But an MoD spokesman said today: "This story is completely untrue."

The San Juan was last heard from on November 15 after disappearing about 300 miles from Argentina's southern coast following a battery failure.

Despite an multinational search to find the submarine and its crew, the vessel is yet to be found and its crew are feared dead. Experts said the crew only had enough oxygen to last up to 10 days if the submarine remained intact under the sea

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Interesting 'stir it up' story?
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Head of the Royal Navy will fight for our Royal Marines ‘every step of the way’

Head of the Royal Navy will fight for our Royal Marines ‘every step of the way’ | Royal Navy | Scoop.it

The head of the Royal Navy has vowed to fight for our Royal Marines “every step of the way” following fears that up to 1,000 commandos could be axed.

Admiral Sir Philip Jones, First Sea Lord and Chief of Naval Staff, said the Royal Marines are just as vital to UK defence today as they have ever been during the corps’ 350 year history.

Speaking at the annual Gallipoli Memorial Lecture at the Royal United Services Institute in London last month, he said: “The Royal Marines are an inseparable part of our naval family, and as Head of Service I will fight for them every step of the way."

His comments come amid fears the Government is considering scrapping Plymouth’s amphibious assault ships HMS Albion and HMS Bulwark, as well as up to 1,000 Royal Marines.

He warned that today's Armed Forces "must work in an increasingly complex battlespace", adding that there are almost 500 submarines operated by 40 navies.

"You don't need to look very far to see rising and resurgent powers flex their muscles," he said.

"It's now clear that the peaks of Russian submarine activity that we've seen in the North Atlantic in recent years are the new norm.”

He said the new Queen Elizabeth aircraft carriers – like nuclear submarines – are strategic instruments, indicative of an ocean-going Navy and a global maritime power, and will sit at the heart of joint and coalition operations.


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A peek into Indias top secret and costliest defence project, nuclear submarines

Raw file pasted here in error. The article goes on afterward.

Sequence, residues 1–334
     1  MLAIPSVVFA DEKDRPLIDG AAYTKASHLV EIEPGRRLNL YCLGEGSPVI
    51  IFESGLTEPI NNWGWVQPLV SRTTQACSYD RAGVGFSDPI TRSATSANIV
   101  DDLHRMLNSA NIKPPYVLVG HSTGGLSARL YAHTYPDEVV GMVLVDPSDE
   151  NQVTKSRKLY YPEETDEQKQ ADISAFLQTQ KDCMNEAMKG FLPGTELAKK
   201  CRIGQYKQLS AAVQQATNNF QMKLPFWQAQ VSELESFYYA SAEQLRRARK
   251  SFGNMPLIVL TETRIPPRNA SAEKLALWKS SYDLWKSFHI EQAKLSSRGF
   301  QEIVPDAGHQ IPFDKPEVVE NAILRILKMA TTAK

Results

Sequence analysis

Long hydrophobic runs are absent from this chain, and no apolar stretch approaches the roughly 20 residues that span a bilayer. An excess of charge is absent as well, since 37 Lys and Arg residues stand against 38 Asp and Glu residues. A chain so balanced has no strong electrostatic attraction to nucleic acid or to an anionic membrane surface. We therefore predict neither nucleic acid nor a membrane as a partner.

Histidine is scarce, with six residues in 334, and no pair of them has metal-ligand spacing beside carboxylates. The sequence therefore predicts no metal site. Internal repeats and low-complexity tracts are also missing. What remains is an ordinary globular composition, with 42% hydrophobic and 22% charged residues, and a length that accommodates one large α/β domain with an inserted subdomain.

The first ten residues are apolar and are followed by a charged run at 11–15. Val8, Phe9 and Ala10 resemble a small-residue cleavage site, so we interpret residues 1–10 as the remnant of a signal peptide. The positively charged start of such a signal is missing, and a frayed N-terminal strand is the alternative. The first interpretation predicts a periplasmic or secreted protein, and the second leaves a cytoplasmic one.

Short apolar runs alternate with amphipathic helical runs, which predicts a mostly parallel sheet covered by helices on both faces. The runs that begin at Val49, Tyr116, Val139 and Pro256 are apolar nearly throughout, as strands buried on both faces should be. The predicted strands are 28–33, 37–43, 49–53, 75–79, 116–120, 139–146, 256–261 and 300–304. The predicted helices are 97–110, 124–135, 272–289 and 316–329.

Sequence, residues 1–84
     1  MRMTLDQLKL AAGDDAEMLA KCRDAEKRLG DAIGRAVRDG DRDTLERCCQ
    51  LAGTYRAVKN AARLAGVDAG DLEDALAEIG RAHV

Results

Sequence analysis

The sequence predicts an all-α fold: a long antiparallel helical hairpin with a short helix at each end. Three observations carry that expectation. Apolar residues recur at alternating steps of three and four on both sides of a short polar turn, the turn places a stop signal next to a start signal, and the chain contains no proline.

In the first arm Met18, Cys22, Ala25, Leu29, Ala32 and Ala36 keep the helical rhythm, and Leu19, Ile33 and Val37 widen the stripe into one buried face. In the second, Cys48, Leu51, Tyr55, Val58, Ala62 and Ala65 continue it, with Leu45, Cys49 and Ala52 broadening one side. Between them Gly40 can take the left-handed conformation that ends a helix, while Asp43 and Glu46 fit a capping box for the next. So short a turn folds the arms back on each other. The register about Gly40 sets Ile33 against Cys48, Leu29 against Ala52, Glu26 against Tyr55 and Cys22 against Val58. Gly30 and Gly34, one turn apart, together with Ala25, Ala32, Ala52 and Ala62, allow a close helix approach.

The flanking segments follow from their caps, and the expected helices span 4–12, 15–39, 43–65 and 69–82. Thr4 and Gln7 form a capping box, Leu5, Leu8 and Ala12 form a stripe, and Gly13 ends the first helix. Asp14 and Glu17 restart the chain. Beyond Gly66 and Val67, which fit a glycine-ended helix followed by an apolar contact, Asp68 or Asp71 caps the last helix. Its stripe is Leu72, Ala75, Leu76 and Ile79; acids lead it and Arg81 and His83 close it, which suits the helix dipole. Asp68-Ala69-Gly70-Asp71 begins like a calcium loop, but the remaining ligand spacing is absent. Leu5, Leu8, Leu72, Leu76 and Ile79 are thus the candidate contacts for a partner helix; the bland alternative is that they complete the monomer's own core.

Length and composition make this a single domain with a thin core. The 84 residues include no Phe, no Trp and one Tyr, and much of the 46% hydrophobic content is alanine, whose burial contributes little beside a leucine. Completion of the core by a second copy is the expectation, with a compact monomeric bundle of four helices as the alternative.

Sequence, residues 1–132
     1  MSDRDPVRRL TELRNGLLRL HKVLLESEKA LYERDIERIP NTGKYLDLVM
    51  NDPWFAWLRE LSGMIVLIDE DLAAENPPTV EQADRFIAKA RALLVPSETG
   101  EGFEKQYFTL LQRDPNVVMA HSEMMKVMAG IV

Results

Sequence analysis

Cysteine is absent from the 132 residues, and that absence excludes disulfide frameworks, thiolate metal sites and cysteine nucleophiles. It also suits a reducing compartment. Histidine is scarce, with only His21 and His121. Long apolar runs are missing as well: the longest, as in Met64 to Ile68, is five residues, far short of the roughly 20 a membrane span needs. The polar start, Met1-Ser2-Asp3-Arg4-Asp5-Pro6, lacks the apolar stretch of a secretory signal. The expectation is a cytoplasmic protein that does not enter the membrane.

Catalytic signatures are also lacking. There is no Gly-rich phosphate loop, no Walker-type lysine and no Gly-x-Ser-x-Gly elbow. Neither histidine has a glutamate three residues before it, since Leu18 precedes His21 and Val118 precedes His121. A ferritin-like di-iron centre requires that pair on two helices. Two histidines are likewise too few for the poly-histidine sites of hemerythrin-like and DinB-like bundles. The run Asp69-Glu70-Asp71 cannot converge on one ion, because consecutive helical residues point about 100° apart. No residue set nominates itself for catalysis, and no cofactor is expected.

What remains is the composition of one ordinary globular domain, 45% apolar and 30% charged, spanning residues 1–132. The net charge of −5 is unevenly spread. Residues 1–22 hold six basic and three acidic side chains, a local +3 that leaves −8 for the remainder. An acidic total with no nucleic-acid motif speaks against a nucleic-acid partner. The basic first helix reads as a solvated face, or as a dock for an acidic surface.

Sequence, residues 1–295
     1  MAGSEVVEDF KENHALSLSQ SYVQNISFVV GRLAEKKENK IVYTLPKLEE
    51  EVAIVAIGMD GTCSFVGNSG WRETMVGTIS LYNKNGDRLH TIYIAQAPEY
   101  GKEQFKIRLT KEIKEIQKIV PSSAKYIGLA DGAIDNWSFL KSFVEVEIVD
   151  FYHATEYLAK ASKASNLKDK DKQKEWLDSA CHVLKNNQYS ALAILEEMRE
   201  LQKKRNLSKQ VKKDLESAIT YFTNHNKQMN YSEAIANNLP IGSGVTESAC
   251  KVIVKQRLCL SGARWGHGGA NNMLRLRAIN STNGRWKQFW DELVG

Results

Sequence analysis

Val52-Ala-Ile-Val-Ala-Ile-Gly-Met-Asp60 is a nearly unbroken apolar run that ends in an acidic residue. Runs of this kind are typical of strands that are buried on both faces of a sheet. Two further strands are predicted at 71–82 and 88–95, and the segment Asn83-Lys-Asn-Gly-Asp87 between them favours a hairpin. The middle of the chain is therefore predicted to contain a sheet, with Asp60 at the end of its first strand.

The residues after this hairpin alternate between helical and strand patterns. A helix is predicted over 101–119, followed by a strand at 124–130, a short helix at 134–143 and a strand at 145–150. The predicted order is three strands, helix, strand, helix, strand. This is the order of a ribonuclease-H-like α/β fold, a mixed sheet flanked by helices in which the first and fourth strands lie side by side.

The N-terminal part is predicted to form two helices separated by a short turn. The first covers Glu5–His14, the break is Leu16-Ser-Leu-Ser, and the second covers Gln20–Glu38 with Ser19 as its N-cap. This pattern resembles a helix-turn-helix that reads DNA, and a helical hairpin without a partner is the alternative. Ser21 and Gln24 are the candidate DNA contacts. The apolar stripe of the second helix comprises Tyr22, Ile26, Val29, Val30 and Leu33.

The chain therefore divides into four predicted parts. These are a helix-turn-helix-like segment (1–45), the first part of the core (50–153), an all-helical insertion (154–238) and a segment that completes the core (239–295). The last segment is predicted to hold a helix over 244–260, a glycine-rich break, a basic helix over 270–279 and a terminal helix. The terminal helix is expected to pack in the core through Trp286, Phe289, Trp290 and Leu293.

A peek into Indias top secret and costliest defence project, nuclear submarines | Royal Navy | Scoop.it

India's top secret nuclear submarine project reached another decadal milestone last month with the launch of a second ballistic missile submarine, the Arighat . On November 19, Union defence minister Nirmala Sitharaman cracked the auspicious coconut on the fin of the submarine in the drydock of the Ship Building Centre (SBC) in Visakhapatnam in a low-key ceremony. Following this, the SBC's drydock was flooded and the submarine quietly floated out. It will be at least another three years before the navy commissions the Arighat.

The event skipped the high-profile public ceremony of the Arihant's launch in 2009 even as the four-decade Advanced Technology Vessel (ATV) project to field a series of ballistic missile firing nuclear submarines is now moving at a furious assembly-line pace.


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Plymouth at risk of losing 1,400 sailors and submariners

Plymouth at risk of losing 1,400 sailors and submariners | Royal Navy | Scoop.it

Plymouth is at risk of losing more than 1,400 sailors and submariners in the coming years if proposed cuts to the city’s fleet go ahead.

Devonport-based amphibious assault ships HMS Albion and HMS Bulwark, as well as the survey ship HMS Scott, could be scrapped in order to free up sailors for the Navy’s new aircraft carriers, according to reports.

Up to 1,000 Royal Marines could also be axed as part of the ongoing National Security Strategy and Strategic Defence and Security Review.

The potential cuts could leave Plymouth with few frontline warships and would have a significant impact on the region's economy.

When fully operational, HMS Albion and HMS Bulwark, which is currently undergoing maintenance, have crews of about 300. HMS Scott has a crew of about 60.

The threats come at as Plymouth prepares to bid farewell to all of its submariners and the Royal Navy's flagship.